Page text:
Most businesses don’t realize they are vulnerable…until it’s too late.
|By: David Ellis|
Research from SecurityMetrics states that, on average, a merchant was vulnerable for 470 days before an attacker was able to compromise the system. After compromising the system, attackers were able to capture sensitive cardholder data for an average of 176 days before the merchant discovered the vulnerability and remediated it. This chronology is known as the window of compromise.
SEE ALSO: Top 5 Security Vulnerabilities Every Business Should Know
patch vulnerabilities before they are exploited. But . . . it isn’t happening.
Why do merchants continue to remain vulnerable?Reasons that increase the likelihood of vulnerabilities include: uncompleted vulnerability scans, ignored vulnerability scan results, zero-day vulnerabilities, ineffective patching, no IT support, lack of regular environment testing, etc.
With the exception of zero-day exploits, where the vulnerability wasn’t known until the time that it was openly compromised and no patch, or “fix” was available, most other vulnerabilities that lead to data breaches could have been averted if IT security had been a higher priority. If merchants don’t conduct tests and analyses of their systems, they’re going to leave themselves open to attacks, where it’s a simple matter of time until they’re discovered.
SEE ALSO: A Hacking Scenario: How Hackers Choose Their Victims
How to find and irradiate vulnerabilitiesNew vulnerabilities are discovered daily. A vulnerability is a system, environment, software, or website weakness that can be exploited by attackers. According to GFI, an average of 19 vulnerabilities per day were reported in 2014, totaling almost 7,000 vulnerabilities per year.
Many vulnerabilities can be found via:
- Vulnerability scans, which are automated, affordable, high-level tests that identify many known weaknesses in network structures. Not only are vulnerability scans a quarterly PCI DSS requirement, robust vulnerability scans are able to identify more than 50,000 unique external weaknesses. After a scan completes, it is crucial for merchants to fix any located vulnerabilities on a prioritized basis.
SEE ALSO: 10 Qualities to Look For When Selecting an Approved Scanning Vendor
- Penetration tests are an extremely aggressive approach to finding and removing vulnerabilities. A penetration test simulates a hacker attempting to get into a business system through the exploitation of vulnerabilities. Actual analysts, often called white-hat or ethical hackers, try to discover vulnerabilities that can be exploited. They use methods similar to those of illicit hackers, including password cracking, buffer overflow attacks, cross-site scripting, and SQL injection. Through these and other efforts, they attempt to gain administrative system access and extract data from a network. After the penetration test is complete, merchants should take the advice from the penetration test report and fix the located vulnerabilities on a prioritized basis.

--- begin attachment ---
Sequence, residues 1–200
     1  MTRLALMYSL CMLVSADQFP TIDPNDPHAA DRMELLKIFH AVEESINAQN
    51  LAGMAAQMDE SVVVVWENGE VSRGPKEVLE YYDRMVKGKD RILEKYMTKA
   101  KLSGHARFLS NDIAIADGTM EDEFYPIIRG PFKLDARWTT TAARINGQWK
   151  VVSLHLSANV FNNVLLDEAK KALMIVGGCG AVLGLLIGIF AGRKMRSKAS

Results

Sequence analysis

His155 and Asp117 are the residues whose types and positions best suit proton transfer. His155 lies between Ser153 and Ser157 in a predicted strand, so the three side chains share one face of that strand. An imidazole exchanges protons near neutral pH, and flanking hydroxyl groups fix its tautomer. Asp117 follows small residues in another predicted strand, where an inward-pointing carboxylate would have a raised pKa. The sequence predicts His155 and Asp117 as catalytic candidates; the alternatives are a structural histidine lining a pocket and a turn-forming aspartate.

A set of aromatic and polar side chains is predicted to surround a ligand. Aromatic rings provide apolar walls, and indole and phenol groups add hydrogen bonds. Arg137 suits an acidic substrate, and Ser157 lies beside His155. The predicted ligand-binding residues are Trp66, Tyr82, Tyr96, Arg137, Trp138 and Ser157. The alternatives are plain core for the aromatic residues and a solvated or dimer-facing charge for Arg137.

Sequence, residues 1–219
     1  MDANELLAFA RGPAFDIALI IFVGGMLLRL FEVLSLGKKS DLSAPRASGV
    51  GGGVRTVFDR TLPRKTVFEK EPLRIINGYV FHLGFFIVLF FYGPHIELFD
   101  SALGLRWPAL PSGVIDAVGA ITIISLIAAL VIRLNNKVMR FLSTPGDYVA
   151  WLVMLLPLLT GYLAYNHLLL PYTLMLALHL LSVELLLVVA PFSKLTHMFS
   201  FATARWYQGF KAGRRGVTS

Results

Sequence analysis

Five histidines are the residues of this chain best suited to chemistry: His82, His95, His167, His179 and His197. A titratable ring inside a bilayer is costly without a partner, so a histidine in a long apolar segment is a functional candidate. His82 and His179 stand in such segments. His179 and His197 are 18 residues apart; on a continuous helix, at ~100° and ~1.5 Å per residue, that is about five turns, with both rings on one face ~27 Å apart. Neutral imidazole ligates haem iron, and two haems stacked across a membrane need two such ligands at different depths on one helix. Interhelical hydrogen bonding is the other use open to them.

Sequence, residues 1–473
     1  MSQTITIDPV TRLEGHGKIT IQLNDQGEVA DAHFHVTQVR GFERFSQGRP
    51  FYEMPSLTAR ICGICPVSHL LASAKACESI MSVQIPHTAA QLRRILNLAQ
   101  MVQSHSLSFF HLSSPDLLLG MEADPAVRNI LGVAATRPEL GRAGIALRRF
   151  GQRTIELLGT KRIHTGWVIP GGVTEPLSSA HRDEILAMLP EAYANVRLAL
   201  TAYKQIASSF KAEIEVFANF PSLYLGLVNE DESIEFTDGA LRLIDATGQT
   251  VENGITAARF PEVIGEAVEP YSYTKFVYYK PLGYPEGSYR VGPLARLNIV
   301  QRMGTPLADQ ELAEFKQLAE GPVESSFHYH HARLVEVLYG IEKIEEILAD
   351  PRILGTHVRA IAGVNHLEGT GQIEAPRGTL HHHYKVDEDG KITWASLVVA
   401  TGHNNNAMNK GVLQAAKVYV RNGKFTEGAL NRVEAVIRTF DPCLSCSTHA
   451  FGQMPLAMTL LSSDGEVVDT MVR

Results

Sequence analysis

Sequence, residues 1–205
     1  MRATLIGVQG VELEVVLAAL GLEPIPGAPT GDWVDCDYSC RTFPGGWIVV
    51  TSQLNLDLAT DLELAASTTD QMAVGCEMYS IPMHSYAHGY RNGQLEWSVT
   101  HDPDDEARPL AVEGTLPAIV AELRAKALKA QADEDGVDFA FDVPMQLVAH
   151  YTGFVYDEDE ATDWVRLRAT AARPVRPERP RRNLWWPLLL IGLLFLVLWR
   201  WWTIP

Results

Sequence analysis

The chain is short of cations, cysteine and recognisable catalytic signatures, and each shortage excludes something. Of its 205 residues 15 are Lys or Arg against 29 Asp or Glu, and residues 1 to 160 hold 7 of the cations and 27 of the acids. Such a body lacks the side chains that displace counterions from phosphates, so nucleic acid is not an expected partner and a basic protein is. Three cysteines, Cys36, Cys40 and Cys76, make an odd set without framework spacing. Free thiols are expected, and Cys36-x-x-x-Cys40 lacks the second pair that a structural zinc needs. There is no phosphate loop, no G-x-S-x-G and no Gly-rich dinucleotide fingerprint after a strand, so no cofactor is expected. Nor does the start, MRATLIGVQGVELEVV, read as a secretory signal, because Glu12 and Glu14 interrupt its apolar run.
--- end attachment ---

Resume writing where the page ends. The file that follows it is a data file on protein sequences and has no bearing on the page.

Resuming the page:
Recommendation: improve vulnerability managementCreating a vulnerability management plan is crucial to decreasing a merchant’s window of vulnerability. This process will help identify, classify, remediate, and mitigate future instances of vulnerabilities. As a part of your vulnerability management strategy, include regular vulnerability scans, an annual penetration test, and the timely application of system security updates and patches. (PCI DSS compliance requires security updates within 30 days of release.)
Vigilant vulnerability management is the most efficient way for you to proactively reduce the window of compromise, greatly narrowing the opportunity for hackers to successfully attack your systems and steal your valuable data.
Read the Window of Compromise white paper.
David Ellis (GCIH, QSA, PFI, CISSP) is Director of Forensic Investigations at SecurityMetrics with over 25 years of law enforcement and investigative experience. Check out his other blog posts.